Kodak Playsport for cheaps?!

A few days ago I ordered a Kodak Playsport pocket video camera from Ebay. Recently I fell in love with Ebay after making quite a profit on an old American Girl Doll. (more about what to do with childhood toys later!) I have wanted my own video camera for at least a year now. I will confess, I am a huge fan of the Shaytards and was inspired by them to do my own vlogging. Because I plan on doing "real life" videos (versus me just talking to the camera about various subjects), I figured a portable camera would come in handy. Initially I wanted a Flipcam, since that's what the Shaytards use, but my brother recommended I look into other cameras.

I like the Kodak Playsport better mainly because it is waterproof and has an SD card slot, which means I can increase the amount of footage. I bought it on Ebay for about $118, it's normally 150 or 160. Besides, I didn't have to pay shipping. The seller (Beach Camera) looked pretty reliable and it should come sometime this week.

The only disadvantage is that it might not be able to stand up on its own like the Flipcam... Overall it's not as convenient, but I think the customization and waterproofing will make it worthwhile.

Sunday, April 3, 2011

My College Application Experience in a Nutshell (a very small one)

Hi! My name is Olive. This blog is dedicated entirely to my college experience.

Let me tell you about myself. I am currently a high school senior. I go to an online high school (OHS) that is based in California and has students from around the world. So this means I attend classes in a virtual classroom, equipped with webcams, text chat, and a white board. OHS has been an amazing experience. It was certainly not the easy route, both academically and socially. Nonetheless, I don't think I could have grown intellectually in the way I did through any other school.

In the video I talk about my college application experience. I'll fill you in on more detail.

Both of my parents went to college, so for as long as I can remember going to college was a given. My parents wanted the best for me, so I heard a lot about the Ivy League growing up. In high school, I was not the most motivated student. I got by with As and Bs, which is good, especially given the rigor of my high school. I was for the most part a solid student who struggled with the work load. I did not have my act together to the extent of some of my peers (one went to MIT a year early). I think I am a late bloomer since things didn't click until senior year.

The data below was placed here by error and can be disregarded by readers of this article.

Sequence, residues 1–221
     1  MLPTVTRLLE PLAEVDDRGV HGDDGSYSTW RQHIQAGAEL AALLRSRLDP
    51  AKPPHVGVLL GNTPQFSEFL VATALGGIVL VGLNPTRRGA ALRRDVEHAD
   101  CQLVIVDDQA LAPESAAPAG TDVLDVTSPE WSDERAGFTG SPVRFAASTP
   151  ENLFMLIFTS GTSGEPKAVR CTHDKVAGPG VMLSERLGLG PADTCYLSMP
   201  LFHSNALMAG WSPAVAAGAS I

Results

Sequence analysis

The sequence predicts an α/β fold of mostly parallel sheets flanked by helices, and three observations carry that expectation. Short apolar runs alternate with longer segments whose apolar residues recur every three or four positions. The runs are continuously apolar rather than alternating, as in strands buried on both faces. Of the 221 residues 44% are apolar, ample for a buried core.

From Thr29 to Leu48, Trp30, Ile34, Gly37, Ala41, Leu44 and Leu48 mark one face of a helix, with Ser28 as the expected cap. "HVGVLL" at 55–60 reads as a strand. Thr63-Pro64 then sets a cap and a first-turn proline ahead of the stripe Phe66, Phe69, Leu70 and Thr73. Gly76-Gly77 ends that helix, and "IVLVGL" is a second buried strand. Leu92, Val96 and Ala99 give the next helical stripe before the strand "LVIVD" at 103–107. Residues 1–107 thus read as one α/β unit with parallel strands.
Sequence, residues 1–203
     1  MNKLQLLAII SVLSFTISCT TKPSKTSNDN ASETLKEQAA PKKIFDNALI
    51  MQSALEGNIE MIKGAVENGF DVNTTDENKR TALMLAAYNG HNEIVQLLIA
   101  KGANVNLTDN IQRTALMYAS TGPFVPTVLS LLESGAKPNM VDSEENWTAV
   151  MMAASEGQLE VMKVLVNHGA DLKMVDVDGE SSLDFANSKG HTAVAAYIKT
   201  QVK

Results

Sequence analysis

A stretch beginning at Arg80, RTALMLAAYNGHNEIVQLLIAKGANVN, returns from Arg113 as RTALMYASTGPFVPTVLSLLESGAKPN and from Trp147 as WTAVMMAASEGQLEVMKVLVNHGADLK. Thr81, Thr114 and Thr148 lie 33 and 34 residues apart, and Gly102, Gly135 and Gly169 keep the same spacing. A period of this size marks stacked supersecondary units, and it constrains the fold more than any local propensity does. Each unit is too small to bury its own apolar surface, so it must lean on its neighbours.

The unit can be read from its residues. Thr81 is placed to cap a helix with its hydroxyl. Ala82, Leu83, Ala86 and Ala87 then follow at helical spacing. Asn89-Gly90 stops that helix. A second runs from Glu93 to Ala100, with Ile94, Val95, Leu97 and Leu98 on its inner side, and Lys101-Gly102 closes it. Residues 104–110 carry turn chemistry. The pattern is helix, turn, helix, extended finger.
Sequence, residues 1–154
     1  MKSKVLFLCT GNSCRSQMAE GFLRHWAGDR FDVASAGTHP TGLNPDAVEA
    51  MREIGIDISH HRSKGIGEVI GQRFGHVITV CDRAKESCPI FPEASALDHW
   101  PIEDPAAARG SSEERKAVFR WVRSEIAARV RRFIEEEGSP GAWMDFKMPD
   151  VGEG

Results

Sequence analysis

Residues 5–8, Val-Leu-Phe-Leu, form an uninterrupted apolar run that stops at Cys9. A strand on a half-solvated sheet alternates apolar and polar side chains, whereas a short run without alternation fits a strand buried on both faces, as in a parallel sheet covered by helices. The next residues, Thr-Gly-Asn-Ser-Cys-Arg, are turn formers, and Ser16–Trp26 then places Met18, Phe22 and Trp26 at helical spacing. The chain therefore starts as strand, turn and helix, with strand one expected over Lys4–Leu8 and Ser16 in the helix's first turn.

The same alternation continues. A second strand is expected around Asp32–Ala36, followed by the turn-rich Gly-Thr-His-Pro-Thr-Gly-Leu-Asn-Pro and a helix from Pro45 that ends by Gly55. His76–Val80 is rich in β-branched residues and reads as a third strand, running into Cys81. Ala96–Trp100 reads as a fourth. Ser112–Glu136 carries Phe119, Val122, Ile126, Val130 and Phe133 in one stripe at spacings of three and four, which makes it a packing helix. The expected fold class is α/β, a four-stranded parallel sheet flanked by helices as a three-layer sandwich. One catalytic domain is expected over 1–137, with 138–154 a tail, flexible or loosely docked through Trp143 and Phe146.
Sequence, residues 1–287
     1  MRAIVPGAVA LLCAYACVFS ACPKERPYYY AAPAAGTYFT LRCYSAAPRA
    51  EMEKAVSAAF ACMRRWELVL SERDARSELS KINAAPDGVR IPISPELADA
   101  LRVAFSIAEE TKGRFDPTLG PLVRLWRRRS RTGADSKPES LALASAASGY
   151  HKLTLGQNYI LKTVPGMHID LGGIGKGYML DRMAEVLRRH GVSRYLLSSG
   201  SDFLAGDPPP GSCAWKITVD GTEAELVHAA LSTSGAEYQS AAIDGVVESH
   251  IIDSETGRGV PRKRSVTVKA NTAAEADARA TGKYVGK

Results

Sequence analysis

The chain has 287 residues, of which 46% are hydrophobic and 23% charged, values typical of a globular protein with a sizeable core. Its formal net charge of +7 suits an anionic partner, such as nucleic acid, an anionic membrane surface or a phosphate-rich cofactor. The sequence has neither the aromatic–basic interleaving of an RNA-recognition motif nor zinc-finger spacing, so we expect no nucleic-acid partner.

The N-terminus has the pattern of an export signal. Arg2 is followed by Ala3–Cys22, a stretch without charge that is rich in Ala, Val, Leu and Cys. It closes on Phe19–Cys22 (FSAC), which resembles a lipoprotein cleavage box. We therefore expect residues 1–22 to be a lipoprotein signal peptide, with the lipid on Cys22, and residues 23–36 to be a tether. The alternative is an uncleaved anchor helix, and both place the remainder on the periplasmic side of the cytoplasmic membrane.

Back to junior year. First semester was great - I got straight As. Then something happened second semester. I think I was burned out. Unfortunately I got behind in my school work, barely staying afloat and turning in assignments days after the due date. My parents eventually found out, but by then it was too late. My grades slipped, mostly from As to Bs.

Summer before senior year I begin working on college applications. I still wanted to aim for top tier schools. I applied to 10 schools total, mostly very competitive. I did a phenomenal job with my applications. I'm not trying to brag, but I composed fantastic essays and put things together very well, with the support of family and friends. Unfortunately, I was rejected from six schools, waitlisted at one,  and accepted into three (the least competitive of the bunch).

Despite knowing the odds were against me, I was devastated. I went through a crisis. My mind raced back over the past four years. It was agonizing. I wished so badly that I knew then what I know now! But what is done is done. My parents helped me get through all of the rejections. Right now I am focusing on the schools I did get into. Over the next few weeks I will be visiting all schools and will eventually make my choice. I am extremely excited about my future. I want all students who went through a similar experience to know that things happen for a reason. If my grades hadn't dropped junior year, I would not be the student I am today - prepared for college knowing what it takes to work hard.

So please stick around for the ride! The goal of my videos and blog is to provide support and entertainment for those going through or have gone through the college process.